Some of the most brutal exchanges (and the only time Clinton seemed even remotely off her game) is when Trump attacked Clinton for posting her plan to fight ISIS on her website. Trump said Gen. Douglas MacArthur – leader of American forces in World War II and the Korean War – wouldn’t have done that. (He also never ran for president and died four decades ago.)

Clinton quipped, “Well, at least I have a plan to fight ISIS.”

“You’re telling the enemy everything you want to do,” Trump said. Then said something wildly wrong, “You have been fighting ISIS your entire adult life.”

ISIS was formed in 2003. While Clinton was a senator.

But on trade Trump scored well and showed Clinton’s one clear weakness in these debates: She has to both defend her husband’s record on NAFTA from the 1990s and explain her shifting sides with President Obama on TPP. She did neither successfully.

But trade was not the main event at tonight’s debate and Trump – though forceful in his declarations – was wrong more times than he was right when touting numbers on jobs going to Mexico and other countries. The two states he mentioned – Michigan and Ohio – have seen record job increases, not losses, this year. And the manufacturing jobs Trump is always talking about actually have been gone since the Reagan years, three decades ago. How those would be brought back to the U.S. is something no one has been able to explain, least of all Trump who has no details on his website.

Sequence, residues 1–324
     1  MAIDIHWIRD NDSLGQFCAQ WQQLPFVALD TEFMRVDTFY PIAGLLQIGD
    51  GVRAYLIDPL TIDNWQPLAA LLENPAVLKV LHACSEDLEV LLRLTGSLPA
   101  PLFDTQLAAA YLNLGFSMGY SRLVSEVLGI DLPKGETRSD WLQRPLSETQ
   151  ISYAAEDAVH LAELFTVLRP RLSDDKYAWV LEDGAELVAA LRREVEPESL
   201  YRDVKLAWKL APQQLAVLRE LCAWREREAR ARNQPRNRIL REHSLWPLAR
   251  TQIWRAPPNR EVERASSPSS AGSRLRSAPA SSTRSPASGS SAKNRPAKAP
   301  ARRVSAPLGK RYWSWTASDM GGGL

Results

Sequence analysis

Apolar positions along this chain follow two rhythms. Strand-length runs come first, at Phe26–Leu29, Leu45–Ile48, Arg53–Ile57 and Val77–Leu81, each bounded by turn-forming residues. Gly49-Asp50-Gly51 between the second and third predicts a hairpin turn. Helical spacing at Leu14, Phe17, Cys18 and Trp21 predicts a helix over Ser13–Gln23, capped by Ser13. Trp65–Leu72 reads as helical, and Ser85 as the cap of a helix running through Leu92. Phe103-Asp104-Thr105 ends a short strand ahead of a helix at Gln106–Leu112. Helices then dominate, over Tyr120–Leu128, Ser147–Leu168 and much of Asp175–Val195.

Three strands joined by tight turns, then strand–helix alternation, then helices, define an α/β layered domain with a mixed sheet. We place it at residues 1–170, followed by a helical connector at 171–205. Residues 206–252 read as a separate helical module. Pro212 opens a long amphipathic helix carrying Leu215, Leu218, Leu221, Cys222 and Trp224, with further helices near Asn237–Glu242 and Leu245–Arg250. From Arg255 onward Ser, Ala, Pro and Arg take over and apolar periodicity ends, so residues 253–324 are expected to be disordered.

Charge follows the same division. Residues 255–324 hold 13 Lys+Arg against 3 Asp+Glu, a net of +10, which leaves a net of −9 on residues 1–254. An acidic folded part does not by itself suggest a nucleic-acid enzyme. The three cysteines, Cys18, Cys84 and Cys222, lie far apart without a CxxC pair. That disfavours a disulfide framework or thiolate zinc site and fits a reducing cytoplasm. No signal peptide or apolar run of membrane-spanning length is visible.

Trump was also wrong on crime, once again declaring that the “African-American community is living in hell.”

I’m not black, but I do live in a 95 percent black neighborhood in a 66 percent black city. We aren’t living in hell. And Trump’s dismissal of millions of African Americans and the work being done in communities against violence and to promote education and small businesses as well as his ignorance of the burgeoning black middle class is just unconscionable.

Trump said Clinton was incapable of uttering the words “law and order,” which not only calls up the iconic TV series theme, but also illumines how out of touch Trump is with actual statistics.


Trump insists that crime in New York is “way up,” when it’s actually down. He ignored the issues about gun control Clinton raised in the debate and said “stop and frisk,” which has been judged unconstitutional as racial profiling, had to be instituted. Trump touted his endorsement by the NRA, but did not address the fact that stop-and-frisk is all about taking guns away from black and brown Americans.

Also at issue is Trump’s misogyny, which I first wrote about here over a year ago. Clinton has an ad running in battleground states including my own with young girls and Trump’s comments about women. It’s not pretty. At the debate Trump made references to Rosie O’Donnell as a “fat pig” when Clinton challenged him on his comments about women

Clinton also challenged him about former Miss Universe (Trump used to run the Miss Universe pageants) Alicia Machado. Machado alleges Trump referred to her as “Miss Piggy” because he thought she was fat and “Miss Housekeeping” because she was Latina.

When Clinton talked about her, Trump wanted to know “where you got that” and then said “oh really” when Clinton said Machado would be voting come November. It was a bad moment for Trump that made him look not just dismissive of women, but also of Latino/a voters.

                                                                                                                              Alicia Machado